On cross-examination he admitted that the traffic pattern coming from the proposed development onto either Route 176 or Hawley Road would be essentially going east and very little traffic would be generated to the west; that the railroad station for commuter trains, the tollroad, the Hawthorn shopping center and the shopping areas in Mundelein and Libertyville are to the east of the proposed development; that the great majority of traffic would move east along Hawley Road and Route 176 for at least as far as Routes 83 and 60 and then would go either north or south or directly through Mundelein along Hawley Road or Route 176.

Joseph W. Rezek testified for plaintiffs after being qualified as an expert consulting civil engineer. He said that an adequate water supply could be obtained from the wells constructed within the development and that a proper sanitary sewer system could be constructed which would meet all requirements. He said that the runoff from the land in its developed state would not exceed an equivalent runoff in its present state and stated that the subject property has no flood problems. He concluded that there would be no adverse effect on the public health and safety.

Edward F. Havlik, qualified as an expert witness in the area of marketing and sale of housing, testified on behalf of plaintiffs. He said that the population generated by the proposed development would be between 3,850 and 3,931 persons and that after the development had matured over a period of years the population would be between 5,800 and 5,900 persons. He said that the population generated by the development would equal between 2.7% and 4% of the total population growth of the Libertyville and Mundelein township areas and that the student population would not reach the maximum projected by the school district for a substantial period of time.

Edward J. Greenberg and Larry Mayer, both licensed real estate brokers, also testified for the plaintiffs. Greenberg stated that two pieces of property adjacent to the subject property, referred to as the "Campbell" property and the "Miller" property, are proposed to be developed but not under the existing zoning. He testified that the subject property is surrounded by farm land, a golf course, a residential subdivision and "a strip shopping center." He gave his opinion that the highest and best use would be a moderate density residential development somewhere between seven to nine units per acre, taking into account the cost of bringing in sewer and water and utilities as well as the configuration of the property. He testified that the value of the property as presently zoned is between $1,100 and $1,400 per acre and that its value if rezoned as requested would be $12,000 per acre. In his opinion the proposed development would increase the value of nearby property and would not hinder farming on adjacent properties.

Mayer testified that none of the properties in the area were being developed on the existing zoning; that the highest and best use was a middensity residential development as proposed, and that the logical density would be somewhere in the area of six to eight units per acre. He described the proposed development as a transitorial density between the "Aspergen" development 2- and 4-acre estates) and the existing density as zoned in Mundelein of the "Huntington" development and the requested "Miller" development. He said that the proposed development would increase the value of nearby property. He also placed the value of the subject property between $1,100 and $1,300 per acre as presently zoned. He concluded that Fremont Township is no longer a farming township and that the property being purchased in that area was primarily for future near-term development to some extent and for investment for long-term future development.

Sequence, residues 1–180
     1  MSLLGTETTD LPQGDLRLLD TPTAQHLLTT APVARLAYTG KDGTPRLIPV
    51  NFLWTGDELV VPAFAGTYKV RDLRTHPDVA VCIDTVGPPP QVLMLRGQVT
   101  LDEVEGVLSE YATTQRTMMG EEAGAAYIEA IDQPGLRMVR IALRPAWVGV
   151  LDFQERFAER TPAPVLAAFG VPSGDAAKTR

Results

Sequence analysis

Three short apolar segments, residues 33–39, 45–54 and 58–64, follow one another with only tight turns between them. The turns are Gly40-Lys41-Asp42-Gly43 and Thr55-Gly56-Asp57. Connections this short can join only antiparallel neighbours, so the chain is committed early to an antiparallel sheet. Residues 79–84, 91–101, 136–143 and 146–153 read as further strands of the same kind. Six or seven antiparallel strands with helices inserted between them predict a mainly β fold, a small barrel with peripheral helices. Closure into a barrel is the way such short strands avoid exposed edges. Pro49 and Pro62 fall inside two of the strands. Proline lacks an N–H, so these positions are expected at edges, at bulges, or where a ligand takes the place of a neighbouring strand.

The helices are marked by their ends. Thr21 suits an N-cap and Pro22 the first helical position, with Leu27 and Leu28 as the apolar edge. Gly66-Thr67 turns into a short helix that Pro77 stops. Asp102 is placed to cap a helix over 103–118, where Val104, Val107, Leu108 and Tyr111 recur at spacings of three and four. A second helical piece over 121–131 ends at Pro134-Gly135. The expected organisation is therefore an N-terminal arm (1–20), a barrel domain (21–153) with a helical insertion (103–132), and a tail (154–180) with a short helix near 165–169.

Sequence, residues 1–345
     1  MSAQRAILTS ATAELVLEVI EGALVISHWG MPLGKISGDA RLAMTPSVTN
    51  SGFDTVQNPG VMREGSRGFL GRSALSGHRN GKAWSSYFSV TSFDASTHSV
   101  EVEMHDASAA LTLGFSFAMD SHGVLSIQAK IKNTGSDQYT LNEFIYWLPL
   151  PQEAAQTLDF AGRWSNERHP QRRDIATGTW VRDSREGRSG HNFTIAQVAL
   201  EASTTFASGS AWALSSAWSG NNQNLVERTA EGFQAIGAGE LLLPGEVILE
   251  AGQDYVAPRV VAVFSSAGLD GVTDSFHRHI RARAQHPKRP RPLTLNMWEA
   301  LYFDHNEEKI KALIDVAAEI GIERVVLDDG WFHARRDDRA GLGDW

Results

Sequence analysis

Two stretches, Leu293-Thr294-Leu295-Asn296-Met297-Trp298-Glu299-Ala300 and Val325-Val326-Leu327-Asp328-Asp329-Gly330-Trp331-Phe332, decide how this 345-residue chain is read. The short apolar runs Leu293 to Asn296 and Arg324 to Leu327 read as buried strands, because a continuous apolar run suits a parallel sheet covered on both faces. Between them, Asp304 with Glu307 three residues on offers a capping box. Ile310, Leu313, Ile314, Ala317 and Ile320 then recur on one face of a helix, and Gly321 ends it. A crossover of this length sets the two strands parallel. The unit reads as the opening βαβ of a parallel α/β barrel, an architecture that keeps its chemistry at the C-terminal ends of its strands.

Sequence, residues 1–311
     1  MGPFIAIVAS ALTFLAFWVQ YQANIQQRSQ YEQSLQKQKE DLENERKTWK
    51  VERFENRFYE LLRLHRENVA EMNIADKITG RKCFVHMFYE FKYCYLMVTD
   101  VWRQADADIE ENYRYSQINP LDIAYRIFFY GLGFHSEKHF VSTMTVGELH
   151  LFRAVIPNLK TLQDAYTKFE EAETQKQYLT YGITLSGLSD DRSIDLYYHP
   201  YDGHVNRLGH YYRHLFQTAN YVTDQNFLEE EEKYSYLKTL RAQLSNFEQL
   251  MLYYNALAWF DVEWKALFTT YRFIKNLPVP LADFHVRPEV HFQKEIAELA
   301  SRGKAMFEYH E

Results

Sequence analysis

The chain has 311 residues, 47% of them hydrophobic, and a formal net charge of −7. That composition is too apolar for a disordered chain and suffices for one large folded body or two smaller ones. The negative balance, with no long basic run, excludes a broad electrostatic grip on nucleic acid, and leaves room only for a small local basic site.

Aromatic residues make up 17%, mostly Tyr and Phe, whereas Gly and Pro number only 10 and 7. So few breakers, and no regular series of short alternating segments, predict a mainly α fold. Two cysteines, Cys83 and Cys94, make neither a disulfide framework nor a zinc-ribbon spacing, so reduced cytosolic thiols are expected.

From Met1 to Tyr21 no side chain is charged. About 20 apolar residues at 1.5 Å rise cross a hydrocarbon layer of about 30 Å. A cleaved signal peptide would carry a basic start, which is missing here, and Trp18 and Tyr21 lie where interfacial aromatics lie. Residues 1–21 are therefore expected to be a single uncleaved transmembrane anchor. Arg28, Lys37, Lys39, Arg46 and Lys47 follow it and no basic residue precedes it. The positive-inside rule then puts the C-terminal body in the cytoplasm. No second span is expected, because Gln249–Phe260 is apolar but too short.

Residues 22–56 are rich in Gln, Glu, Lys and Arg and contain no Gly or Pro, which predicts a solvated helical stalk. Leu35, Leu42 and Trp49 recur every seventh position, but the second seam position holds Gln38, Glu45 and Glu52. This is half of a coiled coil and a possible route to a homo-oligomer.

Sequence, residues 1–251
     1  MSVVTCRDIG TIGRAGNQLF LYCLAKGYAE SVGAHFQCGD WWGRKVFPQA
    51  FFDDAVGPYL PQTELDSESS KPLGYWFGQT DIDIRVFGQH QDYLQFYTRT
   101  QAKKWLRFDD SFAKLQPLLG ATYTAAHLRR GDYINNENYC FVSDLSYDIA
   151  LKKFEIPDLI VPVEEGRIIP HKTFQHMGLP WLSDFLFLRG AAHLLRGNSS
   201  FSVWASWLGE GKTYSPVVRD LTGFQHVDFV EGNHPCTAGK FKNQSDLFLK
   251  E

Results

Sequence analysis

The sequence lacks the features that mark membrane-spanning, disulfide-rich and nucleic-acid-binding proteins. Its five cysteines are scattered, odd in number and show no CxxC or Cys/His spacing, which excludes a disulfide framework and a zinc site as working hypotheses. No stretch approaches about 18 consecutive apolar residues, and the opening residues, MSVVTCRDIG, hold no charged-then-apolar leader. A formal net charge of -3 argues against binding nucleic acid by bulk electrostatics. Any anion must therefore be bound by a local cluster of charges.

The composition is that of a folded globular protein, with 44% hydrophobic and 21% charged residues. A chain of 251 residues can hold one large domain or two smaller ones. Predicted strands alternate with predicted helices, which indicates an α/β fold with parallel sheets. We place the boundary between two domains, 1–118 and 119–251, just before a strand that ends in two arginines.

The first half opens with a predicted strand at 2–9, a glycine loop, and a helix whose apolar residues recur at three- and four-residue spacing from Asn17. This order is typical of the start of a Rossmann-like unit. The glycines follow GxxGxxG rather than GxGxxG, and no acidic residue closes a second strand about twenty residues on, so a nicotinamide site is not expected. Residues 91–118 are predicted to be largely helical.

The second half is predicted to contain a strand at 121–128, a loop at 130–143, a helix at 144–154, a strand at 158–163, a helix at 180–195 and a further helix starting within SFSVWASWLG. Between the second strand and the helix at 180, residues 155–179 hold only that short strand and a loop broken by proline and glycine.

The County of Lake presented the testimony of Nels Havens, the Superintendent of the Mundelein High School District. Havens testified that the school district had signed an agreement with plaintiffs providing for a donation of land, or cash in lieu of land for a high school and an amount of money to be paid to the school district at the time of occupancy. The school district valued the property to be donated at $14,000 per acre. Ludwig H. Koepke, Superintendent of the Fremont School District, also testified for the County and stated that his district had signed an agreement similar to the high school site agreement. He stated that the agreement reduced the impact of the school population generated by the proposed development.

The intervenor, Village of Mundelein, called Allen Kracower who was qualified as an expert city planning consultant. He did not agree with the planning of the proposed development. Particularly he testified that the proposed development contained an inadequate amount of usable recreational space and that the density in certain portions was too great. He acknowledged that the proposed development is in accord with the open space standards of the National Recreational and Park Association and that these standards are accepted by most planners but said that he did not accept them. Over objection he testified that the proposed development was not coordinated with other proposed developments in the area. He said he agreed with the conclusion of the Lake County Soil and Water Conservation District that the proposed development was not in conflict with the proper use of natural resources. He said that he had no opinion as to whether the subject property could be economically developed under the existing zoning. He stated that there was a need for housing in Lake County but said that the proposed development would not help satisfy that need. He testified that the highest and best use of the property would be low-density residential land use of 5-acre lots down to 1/2-acre lots.